Introducing the Streaming Ratings Report Paywall
What it Is, Why You Need It, Why I Need It, and How Much It Costs
When I first started publicly writing about the business of entertainment, I focused on strategy. Specifically, the strategy of the streaming wars. Along the way, I noticed a glaring gap in the coverage of the “streaming wars”. As I’ve written before, “content is king”. If I had to put a percentage on it, I’d say content (both making it or sitting on a giant pile of it) will determine at least 50% (if not more) of the battle to “win” the streaming wars.
But no one knew what was doing well!
Content is at least half the battle…and we had no idea who was winning that battle. There were no ratings!
The operative word being “were”, since more and more companies rushed in to fill this gap. Nielsen, TV Time, Samba TV, Just Watch, Parrot Analytics, Comscore, Reelgood, Digitali, Diesel Labs…and that’s just off the top of my head. Even Netflix started releasing their data!
So I collected as much data as I could and set out to answer who is winning, who is losing, and what is popular in the content battlefield of the streaming wars. And I’ve been sending out a weekly report since March of last year that I call “The Streaming Ratings Report”.
Now it’s time to take that project to the next level. Specifically, a paid level. Since 2018, I have published hundreds of articles, and I haven’t charged a penny. Frankly, the last four calendar years have been great for building a brand and a following.
But I can’t pay my mortgage on a following alone.
Of anything I write, my weekly “Streaming Ratings Report” unlocks tremendous value for anyone working in Hollywood, from CEOs running studios to aspiring screenwriters trying to break in. Today, I want to explain not just why you should subscribe to my newsletter, but why you need to.
(Also, while I published my Streaming Ratings Report last Friday, I didn’t send it out via Substack yet. If you want to read The Kardashians on Hulu and Outer Range on Prime Video, along with all the other ratings data, click here.)
For a long time, in the streaming wars, we literally had no idea how well content was performing, which redounded to the big steamers benefit. We couldn't even guess how many folks were watching a given TV series or film on Netflix, Prime Video or Hulu. I could quote many people asserting this, since I’ve heard not one, not two, but three CEOs or editors of major entertainment websites complain that no one knows what’s popular in streaming. Instead, here’s a selection of headlines in major trades:
To rebut all of them in one go, that just isn’t true anymore! (And that first headline is from January!)
In the past few years, the ratings landscape has changed dramatically, so much so much so that I now call this the “steaming ratings era”. Starting in March of 2020, Netflix started releasing weekly top ten lists. Nielsen started releasing a weekly U.S. top ten list too. Then several more streaming analytics firms began releasing select data points as well. Some of those firms moved into also releasing weekly updates, like TV Time, Just Watch and Parrot Analytics.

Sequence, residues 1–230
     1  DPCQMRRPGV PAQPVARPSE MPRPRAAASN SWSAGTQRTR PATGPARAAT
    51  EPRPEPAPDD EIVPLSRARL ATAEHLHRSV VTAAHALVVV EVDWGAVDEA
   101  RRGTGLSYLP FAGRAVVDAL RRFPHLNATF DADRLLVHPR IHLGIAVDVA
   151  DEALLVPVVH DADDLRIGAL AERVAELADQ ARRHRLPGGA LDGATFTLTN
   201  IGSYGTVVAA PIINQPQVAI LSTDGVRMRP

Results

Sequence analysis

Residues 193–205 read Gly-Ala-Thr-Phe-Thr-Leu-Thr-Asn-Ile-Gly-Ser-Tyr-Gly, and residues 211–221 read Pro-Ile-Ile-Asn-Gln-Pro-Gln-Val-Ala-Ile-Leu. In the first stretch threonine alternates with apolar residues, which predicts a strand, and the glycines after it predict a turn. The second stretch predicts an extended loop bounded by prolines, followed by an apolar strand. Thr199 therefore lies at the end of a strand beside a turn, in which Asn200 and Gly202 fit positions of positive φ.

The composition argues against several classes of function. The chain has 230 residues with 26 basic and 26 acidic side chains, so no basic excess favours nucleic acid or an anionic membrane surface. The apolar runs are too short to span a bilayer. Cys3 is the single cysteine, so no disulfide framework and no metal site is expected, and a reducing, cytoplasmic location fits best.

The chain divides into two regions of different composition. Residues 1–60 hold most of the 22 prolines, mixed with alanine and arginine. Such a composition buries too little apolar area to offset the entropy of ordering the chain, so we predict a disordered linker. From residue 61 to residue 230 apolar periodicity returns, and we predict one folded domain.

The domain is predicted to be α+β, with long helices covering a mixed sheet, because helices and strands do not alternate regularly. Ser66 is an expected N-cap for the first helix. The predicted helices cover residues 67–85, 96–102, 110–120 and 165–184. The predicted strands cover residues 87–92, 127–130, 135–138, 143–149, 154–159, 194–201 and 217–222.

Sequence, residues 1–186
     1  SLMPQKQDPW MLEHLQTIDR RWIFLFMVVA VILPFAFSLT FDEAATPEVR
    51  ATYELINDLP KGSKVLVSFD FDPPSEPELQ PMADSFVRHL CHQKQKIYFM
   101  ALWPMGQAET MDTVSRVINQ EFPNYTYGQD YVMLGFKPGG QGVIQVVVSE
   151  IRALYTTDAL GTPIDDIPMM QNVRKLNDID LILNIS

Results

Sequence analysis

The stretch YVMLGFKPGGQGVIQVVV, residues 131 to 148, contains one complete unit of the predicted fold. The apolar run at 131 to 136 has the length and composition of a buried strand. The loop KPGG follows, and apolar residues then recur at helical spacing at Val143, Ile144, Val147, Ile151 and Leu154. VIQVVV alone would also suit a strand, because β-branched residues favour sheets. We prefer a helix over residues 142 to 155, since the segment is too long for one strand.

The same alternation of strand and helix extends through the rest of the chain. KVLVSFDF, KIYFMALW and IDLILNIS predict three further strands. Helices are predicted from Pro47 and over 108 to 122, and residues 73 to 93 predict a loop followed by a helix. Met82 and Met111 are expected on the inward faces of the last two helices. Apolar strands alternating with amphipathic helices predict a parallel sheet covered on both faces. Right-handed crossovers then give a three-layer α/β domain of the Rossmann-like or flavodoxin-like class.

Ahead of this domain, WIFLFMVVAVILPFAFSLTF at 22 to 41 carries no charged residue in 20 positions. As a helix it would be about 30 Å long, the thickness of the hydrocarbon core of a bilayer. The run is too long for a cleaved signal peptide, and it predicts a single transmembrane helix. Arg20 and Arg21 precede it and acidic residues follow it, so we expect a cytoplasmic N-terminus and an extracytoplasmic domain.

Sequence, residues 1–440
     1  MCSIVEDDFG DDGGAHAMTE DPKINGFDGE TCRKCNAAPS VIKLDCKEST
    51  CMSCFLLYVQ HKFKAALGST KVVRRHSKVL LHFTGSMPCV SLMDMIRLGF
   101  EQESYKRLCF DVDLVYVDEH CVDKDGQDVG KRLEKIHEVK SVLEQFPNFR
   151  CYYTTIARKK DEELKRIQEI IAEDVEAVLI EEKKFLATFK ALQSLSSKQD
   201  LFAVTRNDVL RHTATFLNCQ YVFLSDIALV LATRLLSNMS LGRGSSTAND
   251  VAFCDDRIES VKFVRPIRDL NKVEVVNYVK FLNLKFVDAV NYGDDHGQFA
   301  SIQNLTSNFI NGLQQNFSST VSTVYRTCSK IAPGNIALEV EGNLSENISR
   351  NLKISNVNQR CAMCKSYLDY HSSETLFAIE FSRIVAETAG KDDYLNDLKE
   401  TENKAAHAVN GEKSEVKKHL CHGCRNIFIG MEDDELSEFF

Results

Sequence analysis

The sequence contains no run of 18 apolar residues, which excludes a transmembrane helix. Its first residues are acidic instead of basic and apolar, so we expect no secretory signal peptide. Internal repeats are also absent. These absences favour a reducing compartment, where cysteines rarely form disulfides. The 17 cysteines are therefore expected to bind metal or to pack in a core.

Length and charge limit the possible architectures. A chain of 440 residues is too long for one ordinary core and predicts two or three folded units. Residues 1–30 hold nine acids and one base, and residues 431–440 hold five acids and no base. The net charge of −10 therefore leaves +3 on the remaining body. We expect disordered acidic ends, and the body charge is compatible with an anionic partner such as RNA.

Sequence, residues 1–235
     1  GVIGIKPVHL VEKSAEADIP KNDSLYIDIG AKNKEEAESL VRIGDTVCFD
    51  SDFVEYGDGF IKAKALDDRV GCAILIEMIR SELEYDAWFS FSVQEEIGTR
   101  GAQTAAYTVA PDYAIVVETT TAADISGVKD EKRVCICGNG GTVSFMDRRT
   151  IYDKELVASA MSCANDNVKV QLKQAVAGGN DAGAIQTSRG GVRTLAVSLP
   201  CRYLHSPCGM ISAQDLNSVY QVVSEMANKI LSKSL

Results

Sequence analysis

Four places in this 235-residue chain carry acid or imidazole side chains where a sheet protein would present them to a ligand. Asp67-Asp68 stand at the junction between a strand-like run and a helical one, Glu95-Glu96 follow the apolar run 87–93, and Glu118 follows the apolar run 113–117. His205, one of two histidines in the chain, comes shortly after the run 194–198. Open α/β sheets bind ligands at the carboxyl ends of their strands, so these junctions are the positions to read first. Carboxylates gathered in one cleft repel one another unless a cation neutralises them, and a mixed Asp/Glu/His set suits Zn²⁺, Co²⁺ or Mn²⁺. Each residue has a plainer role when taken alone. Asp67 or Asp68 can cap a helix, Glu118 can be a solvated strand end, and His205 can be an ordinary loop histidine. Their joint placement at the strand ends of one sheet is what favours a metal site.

This is both the best of times and worst of times for data analysis. While we have more data than ever, different companies use different measurements, with different definitions, on different sample sizes and choose to release their data irregularly.
All of which, in some ways, leaves folks more confused than when we knew nothing.
The Solution? Subscribe to The EntStrategyGuy Streaming Ratings Report
My solution is a regularly published newsletter that collates the best streaming ratings data into one single article. This report is...
1. Regular (Weekly)
2. Comprehensive, yet concise (around 2,000 words, covering both TV and film)
3. Rigorous (Featuring regular reporting, not haphazard anecdotes)
4. Insightful (Beyond just numbers, I explain the historical performance and context.)
While my report heavily uses Nielsen’s weekly ratings for the U.S., I also use IMDb ratings, TV Time weekly charts, Samba TV household numbers, Google Trends search interest, Netflix’s global data and more. And I put it in a context in a way no other trade outlet can match. And I’ll keep adding data sources.
Each week the streaming ratings report will cover:
Where: The U.S.A.
What: Viewership, measured by total hours or subscribers watching content.
What: TV and film
When: From 2020 onwards
The Product: What You Get and How Much It Will Cost
I’ll be sending the Streaming Ratings Report (at Entertainment.Substack.com) to subscribers every week in one or two parts. The newsletter will have two major sections, "Film" and "TV", with smaller subsections like “Anecdata” and “Competition”.
I’m using Substack because I already have thousands of subscribers and migrating everyone to a new platform would be too much of a headache. I’ll still keep my own independent website and some full articles will be hosted there.
I’ll continue to write bi-weekly strategy columns, “visuals of the week”, and guest articles at The Ankler (behind their paywall). Some of these will stay free, but some will live behind my or The Ankler’s paywalls. I’ll provide links in my Streaming Ratings Reports to everything I write (so I don’t spam your inbox, but you’ll stay informed without checking the website regularly).
If I’m successful, I’ll go above and beyond for subscribers. This means writing deep dives into content and individual streamers. And if I’m really successful, this will mean free mini-books too. (But I’m only promising the weekly newsletter, which will go out at least 48 times per year, on a Friday or Monday in one or two parts.)